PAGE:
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With tired legs, and eager to rest in our hotel’s public baths before a meal at Muraji*, we decided to leave it there (see, I do learn that it’s possible to have too much of a good thing) and navigated around the seemingly ever-hungry deer back to the station. I would definitely recommend squeezing Nara into your itinerary if possible – it’s a very easy trip from Kyoto and I imagine particularly stunning with autumn colours or at the height of cherry blossom season.

*one of the best bowls of ramen you’ll ever try – see my blog 29 Seasons of Tofu for more on our wonderful Japanese food odyssey.

 

 

Norfolk: Windmills

We were so lucky to have such beautiful weather for our weekend in Norfolk. Here are some photos in and around Cley-next-the-sea (that’s not a spelling mistake; for some reason they don’t like the word “to” in Norfolk!). The flocks of birds in the night sky are pink-footed geese – apparently we were privileged to see so many in flight. It really was a spectacle.

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The White Heron

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Tucking into our bento box of rice cakes, nori, tamagoyaki (sushi omelette) and raw mackerel, we set off on a day trip from Kyoto to Himeji. An easy train ride away, taking little over an hour on the Shinkansen. It was a beautiful sunny day, and great to see so much cherry blossom still in bloom – the trees in Tokyo and Kyoto having, for the most part, long since faded. Better still: the castle had recently undergone a six year restoration programme and so, with the scaffolding now completely cleared, we were lucky enough to see The White Heron in all her splendour.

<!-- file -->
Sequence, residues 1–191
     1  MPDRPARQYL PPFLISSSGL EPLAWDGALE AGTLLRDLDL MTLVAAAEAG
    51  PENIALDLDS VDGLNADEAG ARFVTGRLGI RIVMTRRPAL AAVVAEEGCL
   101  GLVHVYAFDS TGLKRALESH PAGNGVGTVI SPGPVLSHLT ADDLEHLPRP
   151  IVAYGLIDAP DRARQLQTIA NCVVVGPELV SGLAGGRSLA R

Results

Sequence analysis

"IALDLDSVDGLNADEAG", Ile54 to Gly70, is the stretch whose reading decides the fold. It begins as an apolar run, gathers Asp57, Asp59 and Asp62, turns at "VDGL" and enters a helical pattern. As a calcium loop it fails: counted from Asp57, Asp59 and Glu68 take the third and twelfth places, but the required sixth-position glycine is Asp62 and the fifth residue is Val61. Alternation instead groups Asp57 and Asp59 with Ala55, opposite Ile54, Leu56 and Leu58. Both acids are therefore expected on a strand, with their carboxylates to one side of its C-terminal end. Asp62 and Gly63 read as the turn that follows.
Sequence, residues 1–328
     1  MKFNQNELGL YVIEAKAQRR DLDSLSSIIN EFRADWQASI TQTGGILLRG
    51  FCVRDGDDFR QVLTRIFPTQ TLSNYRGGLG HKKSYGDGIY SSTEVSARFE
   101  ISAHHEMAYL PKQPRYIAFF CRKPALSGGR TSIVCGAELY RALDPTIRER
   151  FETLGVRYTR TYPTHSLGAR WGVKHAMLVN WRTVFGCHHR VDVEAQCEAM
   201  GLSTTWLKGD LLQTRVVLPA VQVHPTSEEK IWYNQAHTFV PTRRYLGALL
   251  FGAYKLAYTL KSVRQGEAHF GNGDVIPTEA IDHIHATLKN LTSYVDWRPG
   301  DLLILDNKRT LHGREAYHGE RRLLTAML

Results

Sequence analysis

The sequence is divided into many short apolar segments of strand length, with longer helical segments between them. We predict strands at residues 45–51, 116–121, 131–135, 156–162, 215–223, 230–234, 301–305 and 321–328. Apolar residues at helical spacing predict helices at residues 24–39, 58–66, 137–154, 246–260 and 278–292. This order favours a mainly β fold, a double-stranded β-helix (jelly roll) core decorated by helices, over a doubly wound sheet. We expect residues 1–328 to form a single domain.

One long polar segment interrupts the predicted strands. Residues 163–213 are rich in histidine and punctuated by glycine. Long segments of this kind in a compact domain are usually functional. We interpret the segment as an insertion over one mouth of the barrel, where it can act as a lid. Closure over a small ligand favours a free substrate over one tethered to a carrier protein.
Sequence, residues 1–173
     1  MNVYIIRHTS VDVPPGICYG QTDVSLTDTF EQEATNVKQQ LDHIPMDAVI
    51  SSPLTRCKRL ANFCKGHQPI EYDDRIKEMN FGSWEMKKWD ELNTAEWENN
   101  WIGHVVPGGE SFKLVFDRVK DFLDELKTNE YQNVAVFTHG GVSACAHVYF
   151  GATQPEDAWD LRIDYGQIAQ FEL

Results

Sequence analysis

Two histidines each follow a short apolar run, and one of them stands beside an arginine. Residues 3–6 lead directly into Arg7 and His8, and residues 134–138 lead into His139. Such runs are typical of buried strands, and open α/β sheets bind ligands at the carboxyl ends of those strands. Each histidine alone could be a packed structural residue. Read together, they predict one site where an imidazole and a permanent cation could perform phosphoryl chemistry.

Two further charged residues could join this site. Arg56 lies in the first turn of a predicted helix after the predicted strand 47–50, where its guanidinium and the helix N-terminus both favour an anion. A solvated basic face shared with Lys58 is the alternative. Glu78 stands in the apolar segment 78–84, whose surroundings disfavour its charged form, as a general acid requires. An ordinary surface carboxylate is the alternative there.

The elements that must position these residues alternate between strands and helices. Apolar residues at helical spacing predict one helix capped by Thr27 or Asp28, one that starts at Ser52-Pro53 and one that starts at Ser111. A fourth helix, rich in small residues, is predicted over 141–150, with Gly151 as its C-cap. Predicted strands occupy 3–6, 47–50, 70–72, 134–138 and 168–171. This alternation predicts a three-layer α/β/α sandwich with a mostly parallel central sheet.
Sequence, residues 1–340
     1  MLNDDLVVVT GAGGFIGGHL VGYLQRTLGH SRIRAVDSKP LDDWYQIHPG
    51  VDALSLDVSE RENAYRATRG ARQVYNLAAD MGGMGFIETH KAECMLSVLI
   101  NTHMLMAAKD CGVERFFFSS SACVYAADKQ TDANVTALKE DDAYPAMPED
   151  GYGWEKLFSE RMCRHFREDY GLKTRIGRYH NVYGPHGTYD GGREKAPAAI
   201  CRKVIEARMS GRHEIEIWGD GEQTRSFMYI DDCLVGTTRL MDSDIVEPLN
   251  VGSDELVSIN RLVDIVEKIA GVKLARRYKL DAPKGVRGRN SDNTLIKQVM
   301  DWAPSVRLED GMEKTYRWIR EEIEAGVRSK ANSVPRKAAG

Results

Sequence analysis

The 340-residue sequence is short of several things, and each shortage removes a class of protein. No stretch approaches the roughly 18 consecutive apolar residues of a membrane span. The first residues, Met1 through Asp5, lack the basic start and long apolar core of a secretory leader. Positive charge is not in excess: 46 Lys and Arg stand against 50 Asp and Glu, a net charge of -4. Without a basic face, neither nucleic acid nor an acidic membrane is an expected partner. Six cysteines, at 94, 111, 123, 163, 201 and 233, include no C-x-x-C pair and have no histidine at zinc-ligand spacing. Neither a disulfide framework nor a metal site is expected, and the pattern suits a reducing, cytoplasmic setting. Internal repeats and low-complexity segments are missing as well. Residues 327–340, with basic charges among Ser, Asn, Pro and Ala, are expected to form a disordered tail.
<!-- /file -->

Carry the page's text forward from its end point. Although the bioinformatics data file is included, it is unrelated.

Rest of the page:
And the castle truly is impressive – a worthwhile excursion for anyone interested in seeing (yet) another side of this multi-faceted country. There’s been a fort of one sort or another on the site since 1333; evolving over time, the three-storey keep we see today was created by an eminent samurai warrior and politician (Hashiba Hideyoshi) in the 16th century, with the extensive bailey and surrounding city growing around it over the succeeding centuries. It’s considered one of the best examples of Japanese wooden architecture, and was given UNESCO World Cultural Heritage status in 1993. So, yeah: important, like.

I’d compare it to visiting Sterling or Durham in many ways. Himeji is a relatively small and unexciting city in and of itself, with the imposing castle the main feature and primary reason people visit. But while we in the west are used to austere, stone constructs perched on mounds, whether Norman, medieval or renaissance in design, the brightly painted wooden castles of east Asia seem exotic and unusual by contrast. I was certainly awed as we walked up the long approach, flanked by rows of bonsai.

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The castle is very plain inside, with not a lot to see but wooden beams. On balance, probably worth joining the queue for the views from the top; but if you can’t be bothered queuing, really don’t feel like you’ve missed out – it’s the exterior you’ve come to gawp at.

It doesn’t take too long to see. So, after walking around the castle walls, taking in the beautiful tiled roofs, crests, gates and moat (and giggling at the dozing actor in full warrior gear – his exposed spear presenting an element of danger in an otherwise happily-pedestrian visit), we headed on to nearby Koko-en Gardens.